Brian often talks about how his favorite Christian observances are the ones that sit us smack in the middle of waiting and death: All Souls, Advent, Lent, Holy Saturday. Like him, I, too, appreciate those observances. I appreciate how they make space for a range of emotion, how they allow us to name the hard parts of life, how they allow us to grieve and doubt and question.
And yet, there is something about Easter that I can’t shake. But I haven’t always felt this way.
In my church growing up we didn’t observe Lent so there wasn’t a sense of waiting until Easter. Plus, we talked about the crucifixion all the time. Even on Christmas. That baby wasn’t even born yet and we had him nailed to the tree. “Jesus was born to die” was a common refrain. On Easter we sang the triumphant hymns and celebrated the resurrection, but even as we did there was this overwhelming sense that it wasn’t the resurrection that mattered. It was great and happy and all of that, but death was what changed things.
Every year, at least once, more likely several times, we were treated to a sermon about the horrors of the crucifixion. It would be described in intricate detail. Every blow, every lash, all leading up to this simple message: He did it for you. It was supposed to be a hopeful message, but wrapped up with the “he did it for you” was the second part “and it’s all your fault.” See, God was so grossed out by my very existence that he demanded that torture of his innocent son in order to make me palatable to God.
No wonder I had issues. No wonder a lot of us still have issues.
It wasn’t until I was an adult and had done the work of deconstruction that I realized just how powerful the Easter story was.
What did you learn about Easter growing up? In your tradition or family was the emphasis on the crucifixion or the resurrection? What did that teach you about your faith and your life?
The story of Easter is deliciously subversive. Women were the first witnesses. Women were the ones who found out that everything has changed because they were the ones who were faithful to Jesus. They didn’t hide or run. They stayed until the end and then came back to make sure that things were done right. Now, in those times the word of women wasn’t allowed to stand up in court. So even in the resurrection the message God is sending is that those on the margins; the outcasts, the ones despised, they are the bearers of the good news. They are the ones we should be listening to.
The power of the resurrection is that it turned terrified followers, hiding out in fear, into bold witnesses. The resurrection was a giant “fuck you” to the Empire. It’s God’s way of saying “Is that all you got?” The way you keep people in line is to threaten them with death, well, I’ve overcome death so what now?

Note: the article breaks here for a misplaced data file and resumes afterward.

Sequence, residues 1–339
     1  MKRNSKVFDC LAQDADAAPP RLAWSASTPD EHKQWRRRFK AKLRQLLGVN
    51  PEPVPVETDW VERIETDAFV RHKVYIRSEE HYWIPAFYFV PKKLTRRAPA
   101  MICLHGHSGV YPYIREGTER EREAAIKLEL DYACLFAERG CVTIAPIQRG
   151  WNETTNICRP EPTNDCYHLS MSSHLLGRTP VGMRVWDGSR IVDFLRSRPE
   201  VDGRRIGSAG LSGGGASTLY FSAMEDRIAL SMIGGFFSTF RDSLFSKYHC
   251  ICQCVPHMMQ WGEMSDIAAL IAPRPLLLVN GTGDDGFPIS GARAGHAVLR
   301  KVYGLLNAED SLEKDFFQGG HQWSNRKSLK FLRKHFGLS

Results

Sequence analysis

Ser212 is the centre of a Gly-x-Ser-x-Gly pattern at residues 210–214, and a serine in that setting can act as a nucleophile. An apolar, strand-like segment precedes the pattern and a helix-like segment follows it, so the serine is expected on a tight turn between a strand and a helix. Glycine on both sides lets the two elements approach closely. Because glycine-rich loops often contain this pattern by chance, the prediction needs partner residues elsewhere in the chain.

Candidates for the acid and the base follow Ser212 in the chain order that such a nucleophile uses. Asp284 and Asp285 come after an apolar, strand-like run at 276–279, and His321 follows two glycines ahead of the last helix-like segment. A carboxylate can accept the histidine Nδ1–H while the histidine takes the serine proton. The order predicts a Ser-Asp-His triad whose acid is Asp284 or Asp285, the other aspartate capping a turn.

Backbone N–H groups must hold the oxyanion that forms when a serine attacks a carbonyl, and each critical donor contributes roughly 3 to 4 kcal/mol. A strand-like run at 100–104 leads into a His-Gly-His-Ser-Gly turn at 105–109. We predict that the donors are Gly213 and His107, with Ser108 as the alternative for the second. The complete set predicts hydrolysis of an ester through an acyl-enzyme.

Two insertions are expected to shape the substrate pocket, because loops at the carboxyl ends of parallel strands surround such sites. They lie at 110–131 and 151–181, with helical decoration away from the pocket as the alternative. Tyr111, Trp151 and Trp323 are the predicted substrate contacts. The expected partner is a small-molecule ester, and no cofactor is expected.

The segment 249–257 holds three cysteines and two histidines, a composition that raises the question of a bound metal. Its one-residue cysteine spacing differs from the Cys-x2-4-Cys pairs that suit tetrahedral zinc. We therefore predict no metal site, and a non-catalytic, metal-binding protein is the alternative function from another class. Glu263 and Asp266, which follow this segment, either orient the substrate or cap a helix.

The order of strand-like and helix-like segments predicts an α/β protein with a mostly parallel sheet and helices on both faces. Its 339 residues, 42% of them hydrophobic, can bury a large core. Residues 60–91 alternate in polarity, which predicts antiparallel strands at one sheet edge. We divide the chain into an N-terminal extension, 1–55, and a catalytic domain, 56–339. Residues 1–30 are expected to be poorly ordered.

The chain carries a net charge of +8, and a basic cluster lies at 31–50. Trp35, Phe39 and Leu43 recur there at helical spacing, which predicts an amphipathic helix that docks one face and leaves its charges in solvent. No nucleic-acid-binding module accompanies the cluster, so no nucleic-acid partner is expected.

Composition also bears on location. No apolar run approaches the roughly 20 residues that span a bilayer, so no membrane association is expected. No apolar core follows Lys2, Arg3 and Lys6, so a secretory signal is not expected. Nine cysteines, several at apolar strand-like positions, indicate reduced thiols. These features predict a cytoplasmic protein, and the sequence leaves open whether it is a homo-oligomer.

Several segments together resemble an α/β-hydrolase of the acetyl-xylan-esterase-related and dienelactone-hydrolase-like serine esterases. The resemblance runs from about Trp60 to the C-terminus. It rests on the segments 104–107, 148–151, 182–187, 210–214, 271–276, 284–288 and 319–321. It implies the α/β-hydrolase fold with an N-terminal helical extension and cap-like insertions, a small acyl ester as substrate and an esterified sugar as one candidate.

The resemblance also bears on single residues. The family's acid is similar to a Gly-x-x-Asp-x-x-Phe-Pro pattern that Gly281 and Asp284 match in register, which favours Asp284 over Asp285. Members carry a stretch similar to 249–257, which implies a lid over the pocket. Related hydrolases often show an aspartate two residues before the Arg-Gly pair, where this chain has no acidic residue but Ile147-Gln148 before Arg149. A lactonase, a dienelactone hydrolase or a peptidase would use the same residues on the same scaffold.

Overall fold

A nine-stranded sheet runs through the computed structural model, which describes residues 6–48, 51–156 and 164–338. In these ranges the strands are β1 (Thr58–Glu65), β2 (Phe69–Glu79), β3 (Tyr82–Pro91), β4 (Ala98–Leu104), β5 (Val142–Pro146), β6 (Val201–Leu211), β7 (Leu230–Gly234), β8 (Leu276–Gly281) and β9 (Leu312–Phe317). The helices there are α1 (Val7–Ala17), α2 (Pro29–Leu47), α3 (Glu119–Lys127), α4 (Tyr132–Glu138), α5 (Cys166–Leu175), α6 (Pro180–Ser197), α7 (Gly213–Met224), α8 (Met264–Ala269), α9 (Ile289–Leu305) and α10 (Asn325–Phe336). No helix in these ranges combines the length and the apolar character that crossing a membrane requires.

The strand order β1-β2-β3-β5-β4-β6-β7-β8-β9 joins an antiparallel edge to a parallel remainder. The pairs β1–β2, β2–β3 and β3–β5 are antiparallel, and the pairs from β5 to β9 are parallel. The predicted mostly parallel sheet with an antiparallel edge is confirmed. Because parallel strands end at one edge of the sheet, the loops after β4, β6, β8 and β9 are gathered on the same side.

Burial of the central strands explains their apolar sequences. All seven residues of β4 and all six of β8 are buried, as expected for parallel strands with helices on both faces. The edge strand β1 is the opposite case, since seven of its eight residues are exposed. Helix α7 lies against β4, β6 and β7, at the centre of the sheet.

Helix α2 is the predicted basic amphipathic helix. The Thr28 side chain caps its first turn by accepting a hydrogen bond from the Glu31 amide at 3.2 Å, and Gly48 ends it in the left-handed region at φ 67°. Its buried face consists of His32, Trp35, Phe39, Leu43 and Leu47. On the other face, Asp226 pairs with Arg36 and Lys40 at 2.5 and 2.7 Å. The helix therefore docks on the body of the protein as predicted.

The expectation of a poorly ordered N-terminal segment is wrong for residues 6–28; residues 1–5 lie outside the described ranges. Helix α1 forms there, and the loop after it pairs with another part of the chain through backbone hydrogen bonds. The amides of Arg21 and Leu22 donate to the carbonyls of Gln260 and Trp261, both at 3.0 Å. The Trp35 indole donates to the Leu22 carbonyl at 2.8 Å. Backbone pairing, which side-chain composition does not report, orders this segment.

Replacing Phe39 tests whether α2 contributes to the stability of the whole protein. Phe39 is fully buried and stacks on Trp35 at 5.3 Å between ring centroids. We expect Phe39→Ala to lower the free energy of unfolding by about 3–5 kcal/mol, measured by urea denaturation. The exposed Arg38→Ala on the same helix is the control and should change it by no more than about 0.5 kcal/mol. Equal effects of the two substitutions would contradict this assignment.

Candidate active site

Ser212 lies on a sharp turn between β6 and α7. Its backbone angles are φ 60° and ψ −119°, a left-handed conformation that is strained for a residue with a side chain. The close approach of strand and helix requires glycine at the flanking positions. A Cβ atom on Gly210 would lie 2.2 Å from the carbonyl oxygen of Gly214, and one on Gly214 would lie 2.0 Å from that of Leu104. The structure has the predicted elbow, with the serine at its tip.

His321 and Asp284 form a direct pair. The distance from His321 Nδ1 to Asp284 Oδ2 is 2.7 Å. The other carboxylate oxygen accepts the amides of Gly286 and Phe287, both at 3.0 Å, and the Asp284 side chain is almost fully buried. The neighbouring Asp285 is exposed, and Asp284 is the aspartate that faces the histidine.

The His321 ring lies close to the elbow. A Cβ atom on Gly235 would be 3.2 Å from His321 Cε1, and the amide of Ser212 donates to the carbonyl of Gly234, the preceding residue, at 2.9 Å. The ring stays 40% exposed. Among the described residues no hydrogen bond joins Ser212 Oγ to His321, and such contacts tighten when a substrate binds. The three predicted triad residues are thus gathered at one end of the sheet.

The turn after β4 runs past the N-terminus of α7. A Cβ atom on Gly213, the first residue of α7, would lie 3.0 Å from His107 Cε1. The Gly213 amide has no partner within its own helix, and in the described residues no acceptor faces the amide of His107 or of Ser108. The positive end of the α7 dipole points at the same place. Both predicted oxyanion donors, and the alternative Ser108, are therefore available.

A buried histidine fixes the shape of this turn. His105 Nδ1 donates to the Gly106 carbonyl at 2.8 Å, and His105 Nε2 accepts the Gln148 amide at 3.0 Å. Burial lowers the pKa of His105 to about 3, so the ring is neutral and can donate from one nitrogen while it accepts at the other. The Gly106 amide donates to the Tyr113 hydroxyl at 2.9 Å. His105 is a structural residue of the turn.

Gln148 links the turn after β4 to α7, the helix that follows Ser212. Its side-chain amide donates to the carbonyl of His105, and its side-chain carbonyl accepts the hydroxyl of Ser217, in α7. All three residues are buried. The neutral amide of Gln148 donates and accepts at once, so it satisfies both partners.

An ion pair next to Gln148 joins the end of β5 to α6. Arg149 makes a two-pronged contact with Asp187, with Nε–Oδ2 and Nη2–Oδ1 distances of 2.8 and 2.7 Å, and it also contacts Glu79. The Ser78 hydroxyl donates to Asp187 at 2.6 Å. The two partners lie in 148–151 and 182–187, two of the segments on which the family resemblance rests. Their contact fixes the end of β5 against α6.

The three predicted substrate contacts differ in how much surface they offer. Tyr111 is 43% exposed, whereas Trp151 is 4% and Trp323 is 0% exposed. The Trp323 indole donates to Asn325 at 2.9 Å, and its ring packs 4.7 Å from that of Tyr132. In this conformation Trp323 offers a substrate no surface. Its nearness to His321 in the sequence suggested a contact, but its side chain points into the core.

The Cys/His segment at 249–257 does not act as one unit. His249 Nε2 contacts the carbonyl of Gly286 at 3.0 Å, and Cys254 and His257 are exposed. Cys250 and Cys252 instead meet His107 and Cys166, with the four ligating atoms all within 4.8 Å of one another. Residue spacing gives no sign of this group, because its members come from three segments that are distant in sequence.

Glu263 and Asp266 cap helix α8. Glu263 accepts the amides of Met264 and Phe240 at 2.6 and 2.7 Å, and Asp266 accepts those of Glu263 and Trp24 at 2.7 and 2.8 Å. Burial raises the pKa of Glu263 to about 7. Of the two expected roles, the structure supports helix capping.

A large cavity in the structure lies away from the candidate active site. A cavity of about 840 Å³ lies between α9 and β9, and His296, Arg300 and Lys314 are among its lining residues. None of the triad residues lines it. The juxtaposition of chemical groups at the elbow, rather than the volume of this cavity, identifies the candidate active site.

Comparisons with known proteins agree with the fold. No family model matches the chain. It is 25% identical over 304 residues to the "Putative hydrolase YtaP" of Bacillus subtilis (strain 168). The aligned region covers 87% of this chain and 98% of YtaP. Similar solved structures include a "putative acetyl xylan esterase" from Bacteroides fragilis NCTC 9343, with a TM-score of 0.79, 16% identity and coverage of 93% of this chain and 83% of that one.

And suddenly when a group of people are no longer afraid of death; whether it’s because they have nothing left to lose or because they believe in the movement, or because they believe death is not the end… Well those people are the most dangerous of all.
So Empires in all their forms try to keep us afraid of death. They sell us cure alls. They numb our feelings. They keep us feeling like we might be able to rise above our station. They make sure we know there is always someone under us and that we don’t want to be like “them”. They keep us separated so we won’t be in solidarity.
But every once in a while we get glimpses of resurrection; of the people willing to speak truth to power, of marchers in the streets facing down water cannons and mace and guns, of transgender people who keep showing up and living their lives loudly even in the face of hate.
Every time we get a hint of resurrection the Empire loses a bit of power. The world gains a bit more courage. We start to bring about the Kingdom of God on earth as it is in heaven.
What would happen if we truly were willing to believe in resurrection? How would that change how we worked for justice? How we loved one another? How we worked to create a better world? How would it shape and shift our courage to do hard things? To stand up for what’s right, even when it costs us something?
God continues to inspire those on the margins to lead the way in the work for justice. God continues to call us to walk toward Jerusalem, to do the hard work, to face down death. But God also promises that death is not the end. Not of the movement, not of the story. The Empire never gets the final word.
So go boldly. Walk with your head held high. Live your truth. Fight like hell for justice. Be witnesses to the truth of the resurrection.